Perl's documentation come of age

Steve Holden steve at
Wed Sep 21 18:54:46 CEST 2005

Jeremy Jones wrote:
> Ed Hotchkiss wrote:
>>I'm new to Python, not programming. I agree with the point regarding 
>>the interpreter. what is that? who uses that!? Why are most examples 
>>like that, rather than executed as .py files?
> I think showing examples at the Python interpreter prompt is *very* 
> helpful and IMHO a preferred method in plenty of cases.  If I'm showing 
> someone a piece of code that returns some object the type of which 
> you're not really that familiar with, would you rather be running it in 
> a script, or on a command prompt (or, my preference is to either copy 
> and paste the example to a script an run it with ``python -i`` or paste 
> it to an edit in IPython)?  With IPython (or vanilla Python interpreter 
> with parse-and-bind tab completion turned on), you can inspect the 
> object quite easily.  Again, IMHO, much easier than from a script.
>>Another problem that I have (which does get annoying after awhile), is 
>>not using foo and bar. Spam and Eggs sucks. It's not funny, although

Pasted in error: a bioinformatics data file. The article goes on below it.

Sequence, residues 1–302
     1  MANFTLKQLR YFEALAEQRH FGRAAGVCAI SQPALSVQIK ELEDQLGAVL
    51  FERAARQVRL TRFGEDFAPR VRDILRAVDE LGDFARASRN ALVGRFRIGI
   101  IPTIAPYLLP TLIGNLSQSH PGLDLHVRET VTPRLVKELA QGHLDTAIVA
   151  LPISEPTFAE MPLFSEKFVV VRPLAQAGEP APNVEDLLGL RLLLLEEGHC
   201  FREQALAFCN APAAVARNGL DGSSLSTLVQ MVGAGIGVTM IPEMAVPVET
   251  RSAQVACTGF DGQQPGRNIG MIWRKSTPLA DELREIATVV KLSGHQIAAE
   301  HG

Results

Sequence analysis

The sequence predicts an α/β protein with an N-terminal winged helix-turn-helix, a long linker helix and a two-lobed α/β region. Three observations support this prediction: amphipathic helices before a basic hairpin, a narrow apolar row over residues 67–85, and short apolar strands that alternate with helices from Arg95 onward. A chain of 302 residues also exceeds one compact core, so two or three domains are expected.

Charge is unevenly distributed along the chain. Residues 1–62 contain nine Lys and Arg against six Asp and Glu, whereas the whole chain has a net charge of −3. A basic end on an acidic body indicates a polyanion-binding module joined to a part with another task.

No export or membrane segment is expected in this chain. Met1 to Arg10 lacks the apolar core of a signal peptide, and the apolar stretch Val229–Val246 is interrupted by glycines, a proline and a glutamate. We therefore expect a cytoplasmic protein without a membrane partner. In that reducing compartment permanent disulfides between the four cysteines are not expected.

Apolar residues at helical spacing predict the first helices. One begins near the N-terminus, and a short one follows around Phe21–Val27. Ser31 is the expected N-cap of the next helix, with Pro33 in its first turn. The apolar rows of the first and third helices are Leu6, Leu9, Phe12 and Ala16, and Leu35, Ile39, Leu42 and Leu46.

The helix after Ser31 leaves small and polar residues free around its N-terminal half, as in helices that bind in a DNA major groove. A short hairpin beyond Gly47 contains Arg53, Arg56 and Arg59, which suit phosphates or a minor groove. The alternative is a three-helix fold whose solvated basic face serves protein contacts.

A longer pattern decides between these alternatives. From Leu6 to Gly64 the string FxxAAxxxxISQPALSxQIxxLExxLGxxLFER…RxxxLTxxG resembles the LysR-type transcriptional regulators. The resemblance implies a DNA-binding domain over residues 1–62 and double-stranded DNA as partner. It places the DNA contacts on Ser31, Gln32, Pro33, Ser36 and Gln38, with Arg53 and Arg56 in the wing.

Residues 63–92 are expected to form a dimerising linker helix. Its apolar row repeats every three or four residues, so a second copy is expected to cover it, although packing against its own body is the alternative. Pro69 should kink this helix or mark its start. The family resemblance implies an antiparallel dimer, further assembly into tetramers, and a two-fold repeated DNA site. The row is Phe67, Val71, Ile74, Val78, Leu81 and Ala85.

>>Monty Python does rock. Why not use silly+walks instead.
> Eh.  Life's too short for me to get up in a roar about such as this.  
> And Python's too good of a language for me to be overly bothered by 
> example naming conventions.  YMMV.
Jim Hugunin's keynote speech at this year's PyCon was accompanied by a 
projection if his interactive interpreter session, and I know I wasn't 
alone in finding this a convincing example of Microsoft's (well, Jim's, 
really) full integration of Python into the .net framework.

Modules are good, but the interactive interpreter is a brilliant way to 
show off what modules can do.

As for "Why not foo and bar rather than spam and eggs?", all I can think 
of to say is "Get over it".

Steve Holden       +44 150 684 7255  +1 800 494 3119
Holden Web LLC           
PyCon TX 2006                

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